On 01:04 am, email@example.com wrote:
If you're serious about writing platform-agnostic pathname code, you don't put slashes in the arguments at all. Instead you do
os.path.join("hello", "slash", "world")
Many of the other things you mention are also a result of not treating pathnames as properly opaque objects.
Of course nobody who cares about these issues is going to put constant forward slashes into pathnames. The point is not that you'll forget you're supposed to be dealing with pathnames; the point is that you're going to get input from some source that you've got very little control over, and *especially* if that source is untrusted (although sometimes just due to mistakes) there are all kinds of ways it can trip you up. Did you accidentally pass it through something that doubles or undoubles all backslashes, etc. Sometimes these will result in harmless errors anyway, sometimes it's a critical error that will end up trying to delete /usr instead of /home/user/installer-build/ROOT/usr. If you have the path library catching these problems for you then a far greater percentage fall into the former category.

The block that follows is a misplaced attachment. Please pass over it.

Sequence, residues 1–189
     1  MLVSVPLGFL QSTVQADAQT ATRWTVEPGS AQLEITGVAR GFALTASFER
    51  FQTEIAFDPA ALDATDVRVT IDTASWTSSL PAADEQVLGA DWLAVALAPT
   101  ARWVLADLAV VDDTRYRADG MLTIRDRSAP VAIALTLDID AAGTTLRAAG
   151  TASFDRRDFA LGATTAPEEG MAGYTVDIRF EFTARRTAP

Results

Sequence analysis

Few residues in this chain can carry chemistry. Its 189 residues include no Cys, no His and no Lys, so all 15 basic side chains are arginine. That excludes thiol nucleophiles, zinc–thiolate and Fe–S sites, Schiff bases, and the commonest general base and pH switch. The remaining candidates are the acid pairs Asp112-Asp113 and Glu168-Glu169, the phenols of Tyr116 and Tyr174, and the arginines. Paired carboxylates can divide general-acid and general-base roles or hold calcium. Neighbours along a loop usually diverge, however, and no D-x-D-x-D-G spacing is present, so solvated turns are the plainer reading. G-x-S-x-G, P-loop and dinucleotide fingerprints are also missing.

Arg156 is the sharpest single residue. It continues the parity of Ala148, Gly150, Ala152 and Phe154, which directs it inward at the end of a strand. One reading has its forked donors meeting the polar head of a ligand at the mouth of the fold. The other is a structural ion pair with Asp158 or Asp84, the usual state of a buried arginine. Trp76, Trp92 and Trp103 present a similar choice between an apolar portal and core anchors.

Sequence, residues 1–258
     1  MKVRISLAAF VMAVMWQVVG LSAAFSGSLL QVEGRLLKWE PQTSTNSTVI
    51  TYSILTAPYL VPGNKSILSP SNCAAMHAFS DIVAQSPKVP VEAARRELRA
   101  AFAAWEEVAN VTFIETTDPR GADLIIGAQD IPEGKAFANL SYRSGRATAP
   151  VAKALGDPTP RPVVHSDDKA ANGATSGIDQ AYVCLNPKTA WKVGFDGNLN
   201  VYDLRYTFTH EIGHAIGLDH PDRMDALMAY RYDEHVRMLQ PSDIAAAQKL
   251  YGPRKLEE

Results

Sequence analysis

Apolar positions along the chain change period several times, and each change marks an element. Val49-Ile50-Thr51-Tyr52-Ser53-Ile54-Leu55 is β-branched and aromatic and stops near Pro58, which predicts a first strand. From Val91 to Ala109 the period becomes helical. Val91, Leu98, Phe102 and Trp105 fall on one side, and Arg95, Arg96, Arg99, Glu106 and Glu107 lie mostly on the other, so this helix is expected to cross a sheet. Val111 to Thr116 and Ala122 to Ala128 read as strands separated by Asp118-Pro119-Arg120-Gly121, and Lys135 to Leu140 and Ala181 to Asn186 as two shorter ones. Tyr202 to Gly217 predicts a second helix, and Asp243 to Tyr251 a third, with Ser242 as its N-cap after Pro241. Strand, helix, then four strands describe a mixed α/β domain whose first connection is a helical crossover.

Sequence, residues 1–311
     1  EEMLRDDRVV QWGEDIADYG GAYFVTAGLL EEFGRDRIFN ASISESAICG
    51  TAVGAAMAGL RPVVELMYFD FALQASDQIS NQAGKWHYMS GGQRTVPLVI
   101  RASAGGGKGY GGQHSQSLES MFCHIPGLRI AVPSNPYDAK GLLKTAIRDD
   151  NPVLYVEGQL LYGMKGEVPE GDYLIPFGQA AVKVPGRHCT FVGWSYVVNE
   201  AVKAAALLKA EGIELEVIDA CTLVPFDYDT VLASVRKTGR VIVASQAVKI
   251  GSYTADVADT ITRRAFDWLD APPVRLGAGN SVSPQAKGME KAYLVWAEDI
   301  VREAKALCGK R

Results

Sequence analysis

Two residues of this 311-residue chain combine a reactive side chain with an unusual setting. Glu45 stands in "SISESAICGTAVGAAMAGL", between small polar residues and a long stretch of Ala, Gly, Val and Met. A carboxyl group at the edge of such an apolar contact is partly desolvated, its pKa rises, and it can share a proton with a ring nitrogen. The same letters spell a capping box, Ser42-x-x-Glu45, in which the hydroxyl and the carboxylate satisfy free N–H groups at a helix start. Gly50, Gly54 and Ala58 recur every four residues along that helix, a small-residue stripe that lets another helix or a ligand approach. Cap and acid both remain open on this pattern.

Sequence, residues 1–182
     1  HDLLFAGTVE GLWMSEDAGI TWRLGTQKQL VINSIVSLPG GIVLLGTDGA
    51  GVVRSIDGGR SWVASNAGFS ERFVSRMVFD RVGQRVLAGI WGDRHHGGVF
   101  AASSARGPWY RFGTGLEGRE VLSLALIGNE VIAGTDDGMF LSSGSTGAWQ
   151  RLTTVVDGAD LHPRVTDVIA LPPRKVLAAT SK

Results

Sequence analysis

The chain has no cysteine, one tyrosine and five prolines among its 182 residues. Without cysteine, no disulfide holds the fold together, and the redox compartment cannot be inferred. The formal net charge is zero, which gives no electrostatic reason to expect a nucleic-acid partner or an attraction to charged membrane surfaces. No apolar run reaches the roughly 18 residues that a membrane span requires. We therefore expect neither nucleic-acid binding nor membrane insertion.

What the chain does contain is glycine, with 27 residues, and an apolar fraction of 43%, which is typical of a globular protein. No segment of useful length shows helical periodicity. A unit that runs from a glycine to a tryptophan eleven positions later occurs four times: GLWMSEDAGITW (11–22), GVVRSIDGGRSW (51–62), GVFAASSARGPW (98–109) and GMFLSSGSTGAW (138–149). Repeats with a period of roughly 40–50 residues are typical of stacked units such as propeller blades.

If you're saying that the fact they're strings makes it easy to forget that you're supposed to be treating them opaquely,
That's exactly what I'm saying.
- although individual operations are atomic, shutil.copytree and friends
aren't. I've often seen python programs confused by partially-copied trees of files.
I can't see how this can be even remotely regarded as a pathname issue, or even a filesystem interface issue. It's no different to any other situation where a piece of code can fall over and leave a partial result behind.
It is a bit of a stretch, I'll admit, but I included it because it is a weakness of the path library that it is difficult to do the kind of parallel iteration required to implement tree-copying yourself. If that were trivial, then you could write your own file-copying loop and cope with errors yourself.